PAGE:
BANGKOK, Aug. 24 (IPS) -- Under the guise of "national security," Asian governments are undermining their people's political and civil liberties, says a report released here today.

In the report "Human Rights in Asia" for 2000, the Bangkok-based Asian Forum for Human Rights and Development (FORUM-ASIA) says governments often use national security laws --which place substantial power in the hands of the government or security forces -- to curtail some, or all, of an individual's human rights.

The report by the regional human rights group singles out countries whose national security acts are "great obstacles to the full enjoyment of democracy," including South Asian nations like Sri Lanka, India, Pakistan and Bangladesh, and East Asian ones such as Malaysia, Singapore, South Korea and China.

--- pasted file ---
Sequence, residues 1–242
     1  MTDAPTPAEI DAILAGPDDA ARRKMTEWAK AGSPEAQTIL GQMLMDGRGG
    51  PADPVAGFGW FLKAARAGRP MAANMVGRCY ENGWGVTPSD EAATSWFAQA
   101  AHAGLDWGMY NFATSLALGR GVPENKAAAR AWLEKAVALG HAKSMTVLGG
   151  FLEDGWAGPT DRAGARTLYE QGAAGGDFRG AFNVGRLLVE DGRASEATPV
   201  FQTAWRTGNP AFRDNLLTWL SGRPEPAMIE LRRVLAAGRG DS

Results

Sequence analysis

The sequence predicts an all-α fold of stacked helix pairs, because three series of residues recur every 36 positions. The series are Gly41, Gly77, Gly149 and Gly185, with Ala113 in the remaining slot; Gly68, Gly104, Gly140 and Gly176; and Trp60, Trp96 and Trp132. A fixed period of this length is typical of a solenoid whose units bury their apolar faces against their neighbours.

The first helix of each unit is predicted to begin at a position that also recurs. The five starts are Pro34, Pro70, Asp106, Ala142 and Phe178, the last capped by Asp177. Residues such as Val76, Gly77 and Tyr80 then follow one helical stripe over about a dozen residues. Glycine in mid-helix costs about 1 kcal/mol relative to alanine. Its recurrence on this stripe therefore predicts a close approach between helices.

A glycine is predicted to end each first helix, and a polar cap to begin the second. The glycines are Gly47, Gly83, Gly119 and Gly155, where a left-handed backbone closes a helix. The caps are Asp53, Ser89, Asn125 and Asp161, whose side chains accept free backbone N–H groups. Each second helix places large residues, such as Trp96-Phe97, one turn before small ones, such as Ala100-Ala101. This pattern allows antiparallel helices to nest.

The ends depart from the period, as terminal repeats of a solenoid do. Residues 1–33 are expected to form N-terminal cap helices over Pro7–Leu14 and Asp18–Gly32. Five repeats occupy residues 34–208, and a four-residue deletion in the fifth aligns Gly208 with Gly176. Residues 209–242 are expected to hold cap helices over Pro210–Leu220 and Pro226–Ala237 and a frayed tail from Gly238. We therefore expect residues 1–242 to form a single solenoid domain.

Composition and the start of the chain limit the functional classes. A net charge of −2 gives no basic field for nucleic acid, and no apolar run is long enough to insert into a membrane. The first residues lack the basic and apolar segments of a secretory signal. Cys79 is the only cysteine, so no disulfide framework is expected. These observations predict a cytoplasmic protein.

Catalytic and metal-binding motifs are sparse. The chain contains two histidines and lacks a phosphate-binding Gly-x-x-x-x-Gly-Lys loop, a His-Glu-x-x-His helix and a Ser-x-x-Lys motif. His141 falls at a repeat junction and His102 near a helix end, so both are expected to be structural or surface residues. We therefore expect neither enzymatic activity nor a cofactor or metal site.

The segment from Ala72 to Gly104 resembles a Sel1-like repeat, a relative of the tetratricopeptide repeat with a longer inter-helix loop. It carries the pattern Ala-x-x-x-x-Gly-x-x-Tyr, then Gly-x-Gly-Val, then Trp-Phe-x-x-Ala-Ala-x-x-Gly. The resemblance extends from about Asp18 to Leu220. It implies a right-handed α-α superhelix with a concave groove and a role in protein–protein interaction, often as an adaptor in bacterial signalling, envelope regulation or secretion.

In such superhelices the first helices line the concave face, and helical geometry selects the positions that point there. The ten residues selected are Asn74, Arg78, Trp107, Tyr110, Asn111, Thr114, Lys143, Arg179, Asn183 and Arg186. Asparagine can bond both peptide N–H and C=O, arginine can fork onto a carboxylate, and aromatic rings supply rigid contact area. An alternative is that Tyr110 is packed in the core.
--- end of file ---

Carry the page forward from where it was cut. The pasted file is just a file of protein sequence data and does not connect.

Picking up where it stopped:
Among the high-profile examples the report cites are [...] and the Chinese government's crackdown on members of the Falun Gong religious group.


The Chinese government has banned the Falun Gong spiritual movement, calling it an "[Jiang's slanderous term omitted]" that would bring "harm to the society." Rights activists say thousands have been detained without trial for alleged involvement with the group.

"Despite the rhetoric used to support these laws, which usually describes serious threats to national stability and peace, national security laws are most often used as blunt instruments to silence opposition, protect illegitimate regimes, and oppress innocent members of the population," the report argues.